Calling Time On Gang Crime With Phone Apps Course

Mobile Phone Apps‌National social business, Catch22, has over 200 years’ worth of experience in providing services to help people in tough situations to turn their lives around, enabling them to gain new skills and make a positive contribution to society.

Today (Friday January 25) Catch22’s Dawes Unit, based in Red Lion Street, Wolverhampton, will launch the App Entrepreneur Programme (for Android devices); a free training programme teaching its students everything they need to know about creating and marketing new mobile phone applications, or apps.

More than 50 people – including current and former gang members, people at risk of gang involvement and those living in high crime areas – will attend the one-day event, beginning at 11am, held at the University of Wolverhampton, to pitch their phone app ideas to a team of experts.

Those with the best ideas will be asked to create an app development team of two to four people. One member from each team will then attend a free 90 hour course, taught part time over four months, teaching them and their team how to develop and market their app to commercial mobile phone companies.

The course will be taught and backed by technical and support staff from the University of Wolverhampton and the University of Derby, with marketing advice to course attendees coming from business consultancy Sweda of West Bromwich.

Those taking part in the course must be aged 16 to 30, able to commit to completing the course, be unemployed or working less than 16 hours a week and live in the Wolverhampton area.

Matthew Gordon, Project Worker for Catch22, said: “This will be a professionally delivered course, teaching the latest development and marketing techniques concerning mobile phone app technology.

“By the end of this course we hope the teams involved will have developed a marketable phone app from their original idea, ready to be pitched to a mobile phone company or to be promoted as an attractive product online and through social media direct to phone users.”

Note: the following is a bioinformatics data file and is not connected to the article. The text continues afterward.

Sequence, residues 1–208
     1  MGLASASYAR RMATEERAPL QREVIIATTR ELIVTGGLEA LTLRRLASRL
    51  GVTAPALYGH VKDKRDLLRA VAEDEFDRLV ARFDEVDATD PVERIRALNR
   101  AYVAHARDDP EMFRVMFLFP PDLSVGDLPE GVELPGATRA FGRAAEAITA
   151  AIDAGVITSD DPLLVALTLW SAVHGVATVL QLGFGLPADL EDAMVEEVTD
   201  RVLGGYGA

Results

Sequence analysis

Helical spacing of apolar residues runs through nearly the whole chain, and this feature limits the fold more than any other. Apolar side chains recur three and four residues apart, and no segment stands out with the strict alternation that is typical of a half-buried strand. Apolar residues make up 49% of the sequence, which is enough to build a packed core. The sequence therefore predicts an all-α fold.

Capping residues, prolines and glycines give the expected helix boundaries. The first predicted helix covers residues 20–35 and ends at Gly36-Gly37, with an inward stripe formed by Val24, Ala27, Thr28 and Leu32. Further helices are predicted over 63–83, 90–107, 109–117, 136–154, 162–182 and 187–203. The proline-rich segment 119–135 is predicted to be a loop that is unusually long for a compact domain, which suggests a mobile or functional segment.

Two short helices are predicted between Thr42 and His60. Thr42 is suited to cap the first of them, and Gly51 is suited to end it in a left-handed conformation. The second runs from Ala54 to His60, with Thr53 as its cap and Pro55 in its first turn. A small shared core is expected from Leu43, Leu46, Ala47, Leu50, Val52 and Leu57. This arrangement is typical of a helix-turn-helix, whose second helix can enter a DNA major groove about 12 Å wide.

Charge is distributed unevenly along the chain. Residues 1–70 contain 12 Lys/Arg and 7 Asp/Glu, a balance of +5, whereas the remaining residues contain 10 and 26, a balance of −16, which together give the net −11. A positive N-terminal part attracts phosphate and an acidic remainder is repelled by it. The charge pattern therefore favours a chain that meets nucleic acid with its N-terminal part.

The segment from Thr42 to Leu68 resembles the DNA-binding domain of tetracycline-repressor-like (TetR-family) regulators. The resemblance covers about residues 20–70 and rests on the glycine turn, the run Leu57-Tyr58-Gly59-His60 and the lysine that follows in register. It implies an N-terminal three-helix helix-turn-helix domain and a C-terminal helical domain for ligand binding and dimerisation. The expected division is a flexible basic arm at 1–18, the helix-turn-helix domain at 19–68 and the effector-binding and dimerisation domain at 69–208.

Carlton McDonald is a University of Derby Computing Lecturer, specialising in website development and software engineering. He will be among the judges at Friday’s event selecting the most marketable phone app ideas to go forward and will also teach on the App Entrepreneur Programme.

He added: “Many phone users will have ideas of great apps but have no idea how to go about producing such an app.

“This course, through the vehicle of App Inventor skills, a new and innovative approach to mobile phone development, will excite and empower those attending the course to develop mobile phone apps that enable the best ideas to generate start-up companies, careers and cash.”

Natalie Latham, Student Recruitment Officer at the University of Wolverhampton, said: “We have a strong focus on innovation and entrepreneurship at the University of Wolverhampton, and this programme offers an exciting way to gain new skills in the growing field of mobile phone applications. This will also be a great opportunity for groups of young people who wouldn’t normally consider going to university, to experience a taste of higher education.”

For further information about the Catch22 App Entrepreneur Programme contact Matthew Gordon, Catch22 Project Worker, on 01902 572388 or email: matthew.gordon@catch-22.org.uk More information about Catch22 can be found on its website and on the Dawes Unit.

ENDS

For information about the University of Derby’s involvement in the App Entrepreneur Programme contact Sean Kirby, University of Derby Press and PR Officer , on 01332 591891 or email:s.kirby@derby.ac.uk.

For information on the University of Wolverhampton’s involvement contact Vickie Warren, University of Wolverhampton Media and Communications Manager, on 01902 322736 or email:v.warren@wlv.ac.uk

NOTES TO EDITOR

Catch22 is a forward looking social business with over 200 years’ experience of providing services that help people in tough situations to turn their lives around.

Its programmes help people to steer clear of crime or substance misuse, do the best they can in school or college and develop skills for work, live independently on leaving care or custody, gain new skills and confidence as parents, and play a full part in their community.

n 2011/12 it worked directly with 34,000 young people, families and adult offenders in 150 localities, supporting a further 49,000 young people through national partnership programmes.

Asked what difference Catch22 had made in 2011/12, nearly 93% of the people it supported who responded said they now had hope for the future, 86% had gained in confidence and felt they had more control over their lives, and 83% had achieved more than they expected.

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